Felicity scanned the crowd for someone who met her standards. In her royal-blue satin dress with a skirt made of hundreds of bows and her diamond tiara, she was rather imposing in her beauty, and very few young men approached her. Six brave souls out of dozens had asked her, but she had turned them all down with a wrinkled nose.
Andromeda stood next to her in a long-sleeved deep crimson dress with buttons up the back, holding her waist where the dreaded corset was squeezing her. She made it a point not to catch anyone’s eye and stood slightly behind her siblings. Her hair was pulled up in a braided arrangement, held back by a glittering tiara, but she wished that the annoying lock that usually fell in her eyes was back in place tonight.
Michael looked more dashing than imposing now that he had exchanged his armor for a soft white tunic and a black overcoat embroidered with golden eagles. He had already asked three girls to dance, and all had accepted.
Andrew’s coat was dark-blue and embroidered with silver wolves, but he looked uncomfortable. He watched many girls, but never moved from his twin’s side to ask any of them for a dance.
“I don’t see the point of these balls,” Andromeda whispered into Andrew’s ear.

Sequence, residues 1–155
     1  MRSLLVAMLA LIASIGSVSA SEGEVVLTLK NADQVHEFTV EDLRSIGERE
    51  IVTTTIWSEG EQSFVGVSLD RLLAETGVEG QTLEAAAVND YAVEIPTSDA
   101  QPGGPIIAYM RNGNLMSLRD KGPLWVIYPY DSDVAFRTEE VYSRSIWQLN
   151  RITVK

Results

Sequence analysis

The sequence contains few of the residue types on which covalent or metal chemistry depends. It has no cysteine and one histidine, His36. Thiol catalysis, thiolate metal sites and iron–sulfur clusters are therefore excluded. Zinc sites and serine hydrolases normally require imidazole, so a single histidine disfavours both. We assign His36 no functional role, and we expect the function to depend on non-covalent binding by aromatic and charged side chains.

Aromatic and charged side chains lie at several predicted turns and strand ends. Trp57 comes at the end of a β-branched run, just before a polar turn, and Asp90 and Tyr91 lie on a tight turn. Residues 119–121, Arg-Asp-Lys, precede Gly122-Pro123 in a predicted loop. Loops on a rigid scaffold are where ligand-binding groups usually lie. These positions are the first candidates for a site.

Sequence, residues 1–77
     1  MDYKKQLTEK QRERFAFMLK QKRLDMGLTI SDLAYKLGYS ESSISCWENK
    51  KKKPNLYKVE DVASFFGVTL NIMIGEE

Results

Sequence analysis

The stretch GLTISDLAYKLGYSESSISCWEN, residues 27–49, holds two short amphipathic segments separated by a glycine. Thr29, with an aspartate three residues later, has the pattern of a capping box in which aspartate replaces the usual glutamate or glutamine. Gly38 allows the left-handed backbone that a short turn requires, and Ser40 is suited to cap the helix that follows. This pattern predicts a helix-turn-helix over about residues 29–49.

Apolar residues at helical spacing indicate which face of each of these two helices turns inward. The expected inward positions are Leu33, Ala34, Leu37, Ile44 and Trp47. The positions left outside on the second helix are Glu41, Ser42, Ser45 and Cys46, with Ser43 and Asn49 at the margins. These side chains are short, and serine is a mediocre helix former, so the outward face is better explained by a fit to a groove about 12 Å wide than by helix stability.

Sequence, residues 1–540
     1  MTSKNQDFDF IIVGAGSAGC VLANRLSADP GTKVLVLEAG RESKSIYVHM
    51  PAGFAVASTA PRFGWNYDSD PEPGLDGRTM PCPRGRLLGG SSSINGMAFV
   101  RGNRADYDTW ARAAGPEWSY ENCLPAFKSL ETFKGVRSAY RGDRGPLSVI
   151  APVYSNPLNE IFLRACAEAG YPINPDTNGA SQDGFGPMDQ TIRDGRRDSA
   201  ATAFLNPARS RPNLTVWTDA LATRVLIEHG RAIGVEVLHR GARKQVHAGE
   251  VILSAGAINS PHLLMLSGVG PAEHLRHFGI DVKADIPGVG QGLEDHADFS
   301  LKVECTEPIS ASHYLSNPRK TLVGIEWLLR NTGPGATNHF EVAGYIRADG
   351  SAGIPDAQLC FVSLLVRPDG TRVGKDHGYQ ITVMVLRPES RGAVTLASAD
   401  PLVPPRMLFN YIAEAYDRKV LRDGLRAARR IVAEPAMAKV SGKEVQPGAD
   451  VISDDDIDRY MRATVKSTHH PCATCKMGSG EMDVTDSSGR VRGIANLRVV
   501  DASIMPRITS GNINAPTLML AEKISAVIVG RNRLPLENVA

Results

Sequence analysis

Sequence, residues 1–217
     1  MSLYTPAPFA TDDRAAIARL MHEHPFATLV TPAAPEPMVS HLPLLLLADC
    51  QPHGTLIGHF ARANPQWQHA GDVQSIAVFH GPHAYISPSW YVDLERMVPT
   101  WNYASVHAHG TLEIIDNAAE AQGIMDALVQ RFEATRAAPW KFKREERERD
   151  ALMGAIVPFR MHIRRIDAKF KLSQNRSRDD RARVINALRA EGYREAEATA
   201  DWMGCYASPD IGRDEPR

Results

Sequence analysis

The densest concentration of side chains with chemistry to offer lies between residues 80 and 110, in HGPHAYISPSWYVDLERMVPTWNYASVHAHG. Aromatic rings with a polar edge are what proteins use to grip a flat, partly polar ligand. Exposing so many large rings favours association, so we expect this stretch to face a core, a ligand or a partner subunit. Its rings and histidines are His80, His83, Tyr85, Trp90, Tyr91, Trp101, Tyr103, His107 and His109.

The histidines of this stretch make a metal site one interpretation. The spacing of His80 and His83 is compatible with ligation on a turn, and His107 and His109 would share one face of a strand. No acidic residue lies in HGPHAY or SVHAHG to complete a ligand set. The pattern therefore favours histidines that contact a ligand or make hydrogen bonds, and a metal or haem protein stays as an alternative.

“Me either, but there’s no escaping,” he replied. “Mother loves them.”
Andromeda sighed and watched as an extraordinarily tall man with slender limbs and sharp features approached Felicity and held out a hand for a dance. Andromeda waited for Felicity’s sniffed rejection. This pale man was far too lean for Felicity’s taste. She often remarked that she had no interest in a man she could easily pummel, and preferred thicker built men, usually with dark hair and short beards. This man was also a little too old for her fancy as well.
The man said something Andromeda didn’t catch. Felicity curtsied and took the man’s hand. Andromeda went slack-jawed as Felicity followed him into the crowd of dancers. Perhaps she did not know her sister as well as she thought.
Michael shifted over and stood between Andrew and Andromeda.
“You two better dance with someone or Mother will pick someone for you,” he said. “She and father have been pointing at the two of you and whispering with their heads together.”
“Damn,” said Andromeda.
“Since when do you curse?” said Michael with mild admiration.
Andromeda made a face at him, and Michael laughed and retreated.
Andrew stepped in front of Andromeda.